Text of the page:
If I successfully relocate a poisonous snake, he's just as good as
"dead" to me, as he won't harm me or anyone else after I put him in
He's as much a part of the ecosystem as I am. I walk in that ravine
all the time; I just don't want him around the kids in the yard
(although I hope something gets that pesky gopher, which, I might
add, is apparently immune to pool chemicals poured down his holes!).
Besides, killing a single snake, statistically, will have zero
effect overall on the snake population (likewise as saving that
one snake of course).
However, I'm still studying whether a relocated snake will return
to the original location, even if his relocation site is suitable
(as I believe mine is).
Here's a specific study on rattlesnake-relocation efficacy:
Their results are a bit confusing because, in one sentence they
advocate short-distance relocation (<1 mile) while they deprecate
long-distance relocation (>5 miles); yet, in another part of the
study, they state that even shorter-distance relocation (<500 yards)
may not be 100% effective, particularly for male rattlers as a
few did return (particularly to really good feeding sites).
I'll keep learning how best to relocate rattlers so that they
survive, and, yet, don't return to the house where kids play.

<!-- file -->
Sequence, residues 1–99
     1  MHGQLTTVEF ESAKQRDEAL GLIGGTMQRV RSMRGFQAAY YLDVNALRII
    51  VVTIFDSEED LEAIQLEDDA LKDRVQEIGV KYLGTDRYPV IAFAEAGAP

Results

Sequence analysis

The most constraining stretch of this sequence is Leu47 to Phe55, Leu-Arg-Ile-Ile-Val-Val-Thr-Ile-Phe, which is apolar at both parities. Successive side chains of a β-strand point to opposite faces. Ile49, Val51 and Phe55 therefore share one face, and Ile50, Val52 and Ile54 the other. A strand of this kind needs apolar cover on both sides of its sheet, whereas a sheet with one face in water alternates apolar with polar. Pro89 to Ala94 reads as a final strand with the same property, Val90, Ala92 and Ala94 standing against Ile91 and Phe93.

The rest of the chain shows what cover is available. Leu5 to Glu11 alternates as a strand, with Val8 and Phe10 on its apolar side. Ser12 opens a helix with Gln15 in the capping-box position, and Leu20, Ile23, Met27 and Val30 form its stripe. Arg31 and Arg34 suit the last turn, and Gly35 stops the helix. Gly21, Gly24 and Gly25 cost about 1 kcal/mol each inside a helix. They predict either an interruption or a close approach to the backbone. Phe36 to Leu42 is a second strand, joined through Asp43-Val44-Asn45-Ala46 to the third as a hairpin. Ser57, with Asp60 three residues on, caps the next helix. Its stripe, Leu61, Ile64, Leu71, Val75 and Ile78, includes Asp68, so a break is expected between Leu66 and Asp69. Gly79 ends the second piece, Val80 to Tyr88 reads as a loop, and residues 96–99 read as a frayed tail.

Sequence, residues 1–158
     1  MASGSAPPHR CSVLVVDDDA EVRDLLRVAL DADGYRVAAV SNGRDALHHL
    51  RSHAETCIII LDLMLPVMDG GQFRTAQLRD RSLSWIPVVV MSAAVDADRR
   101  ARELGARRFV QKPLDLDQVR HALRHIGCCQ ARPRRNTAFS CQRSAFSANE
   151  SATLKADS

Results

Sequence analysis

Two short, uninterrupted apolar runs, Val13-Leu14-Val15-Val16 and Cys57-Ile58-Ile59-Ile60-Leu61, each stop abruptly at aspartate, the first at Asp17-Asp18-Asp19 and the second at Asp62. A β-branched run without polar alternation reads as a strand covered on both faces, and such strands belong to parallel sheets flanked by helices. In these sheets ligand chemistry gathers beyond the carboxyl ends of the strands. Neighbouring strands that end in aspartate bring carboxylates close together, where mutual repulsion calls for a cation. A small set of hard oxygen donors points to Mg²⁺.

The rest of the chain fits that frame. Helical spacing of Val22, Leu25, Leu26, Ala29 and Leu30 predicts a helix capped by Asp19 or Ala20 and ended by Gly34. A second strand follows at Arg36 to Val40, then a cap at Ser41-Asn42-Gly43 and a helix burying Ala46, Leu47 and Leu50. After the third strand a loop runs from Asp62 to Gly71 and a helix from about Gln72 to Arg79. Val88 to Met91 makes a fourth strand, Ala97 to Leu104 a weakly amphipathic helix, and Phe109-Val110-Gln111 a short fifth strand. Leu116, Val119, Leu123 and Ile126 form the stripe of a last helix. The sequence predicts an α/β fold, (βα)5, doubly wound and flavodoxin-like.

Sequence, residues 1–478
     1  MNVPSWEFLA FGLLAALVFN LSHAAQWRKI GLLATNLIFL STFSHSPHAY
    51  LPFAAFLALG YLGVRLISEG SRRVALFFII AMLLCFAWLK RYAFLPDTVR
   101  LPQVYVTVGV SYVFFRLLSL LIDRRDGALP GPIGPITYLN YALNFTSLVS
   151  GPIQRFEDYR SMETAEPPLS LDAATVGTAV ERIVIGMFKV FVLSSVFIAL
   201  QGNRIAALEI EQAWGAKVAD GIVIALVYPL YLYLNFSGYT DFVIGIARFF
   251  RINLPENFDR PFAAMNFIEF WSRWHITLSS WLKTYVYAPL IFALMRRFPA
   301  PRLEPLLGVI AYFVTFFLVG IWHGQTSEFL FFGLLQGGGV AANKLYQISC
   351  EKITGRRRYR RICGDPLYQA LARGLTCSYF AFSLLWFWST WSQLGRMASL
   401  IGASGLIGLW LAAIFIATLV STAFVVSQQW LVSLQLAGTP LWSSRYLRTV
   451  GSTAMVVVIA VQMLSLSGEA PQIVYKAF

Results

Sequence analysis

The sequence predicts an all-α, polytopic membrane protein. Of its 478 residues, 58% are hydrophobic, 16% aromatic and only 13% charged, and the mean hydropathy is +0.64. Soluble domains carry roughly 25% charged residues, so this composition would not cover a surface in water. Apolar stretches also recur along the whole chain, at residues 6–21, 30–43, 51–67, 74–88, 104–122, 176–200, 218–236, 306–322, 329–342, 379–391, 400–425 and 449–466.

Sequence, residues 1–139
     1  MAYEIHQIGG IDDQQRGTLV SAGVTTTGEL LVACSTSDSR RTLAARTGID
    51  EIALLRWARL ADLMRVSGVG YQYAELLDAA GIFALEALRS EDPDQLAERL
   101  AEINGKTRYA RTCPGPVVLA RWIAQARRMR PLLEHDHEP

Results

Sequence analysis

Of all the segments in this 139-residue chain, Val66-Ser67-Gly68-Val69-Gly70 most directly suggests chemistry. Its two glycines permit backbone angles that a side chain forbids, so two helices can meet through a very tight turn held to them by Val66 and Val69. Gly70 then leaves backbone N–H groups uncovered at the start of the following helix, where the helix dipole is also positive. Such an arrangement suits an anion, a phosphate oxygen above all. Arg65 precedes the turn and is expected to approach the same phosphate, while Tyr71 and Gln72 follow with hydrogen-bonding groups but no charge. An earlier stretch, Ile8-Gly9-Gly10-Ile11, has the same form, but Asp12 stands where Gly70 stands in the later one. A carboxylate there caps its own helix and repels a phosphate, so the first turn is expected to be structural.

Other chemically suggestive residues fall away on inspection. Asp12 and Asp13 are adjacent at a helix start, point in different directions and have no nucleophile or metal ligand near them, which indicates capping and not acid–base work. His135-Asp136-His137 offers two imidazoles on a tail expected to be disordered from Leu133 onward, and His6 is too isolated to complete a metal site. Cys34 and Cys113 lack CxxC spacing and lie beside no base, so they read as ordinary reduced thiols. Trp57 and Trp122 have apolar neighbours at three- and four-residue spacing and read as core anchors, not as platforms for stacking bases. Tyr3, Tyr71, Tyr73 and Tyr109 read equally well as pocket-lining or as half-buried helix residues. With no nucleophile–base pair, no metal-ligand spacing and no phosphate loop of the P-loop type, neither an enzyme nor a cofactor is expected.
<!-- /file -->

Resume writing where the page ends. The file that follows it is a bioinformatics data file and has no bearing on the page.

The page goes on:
On Tue, 04 Jun 2013 05:47:47 -0700, Robert Macy wrote:
There is a ton of misinformation out there, and, this one appears to
be incorrect (just as the baby-rattlers-are-more-dangerous myth is).
I read the articles on relocation, where they inserted tracking devices
in adult rattlers, and most survived. I also read articles where they
tracked baby rattlers, and even more survived, than did the adults.
What the tracking articles said was that the older a rattler gets,
the more it seeks out the same type of den as it was in before. They
wander about until they find just such a den. This wandering exposes
them to dangers, so you want to minimize their wanderlust. The
experts suggest we move them to a familiar style of location, where
they can find a den sooner than if we move them to a non-familiar
style of location.
When I spoke by phone to a number of rattler relocation experts,
they all told me that a few hundred yards should be far enough
that the rattler wouldn't likely return.
In fact, one even featured "my" young rattler in his blog post!
I usually draft a long handled shovel into service. Another time a 5
gallon plastic paint bucket with about 20 pounds of rock in it. Set
the bucket on the rattler, until I could go get my shovel to lop off
its head. So far - a four foot FAT rattler, a little 3 foot rattler,
and a four foot really nasty venomous 'green' m?? rattler. By the way,
rattler venom STINKS! Actually almost put a hole in my plastic
bucket. Feel really bad about removing such great predators, but
they're territorial and stay close by and I hate the possibillity of
stepping on one at night, OUCH! and they're fast.
HomeOwnersHub.com is a website for homeowners and building and maintenance pros. It is not affiliated with any of the manufacturers or service providers discussed here.
All logos and trade names are the property of their respective owners.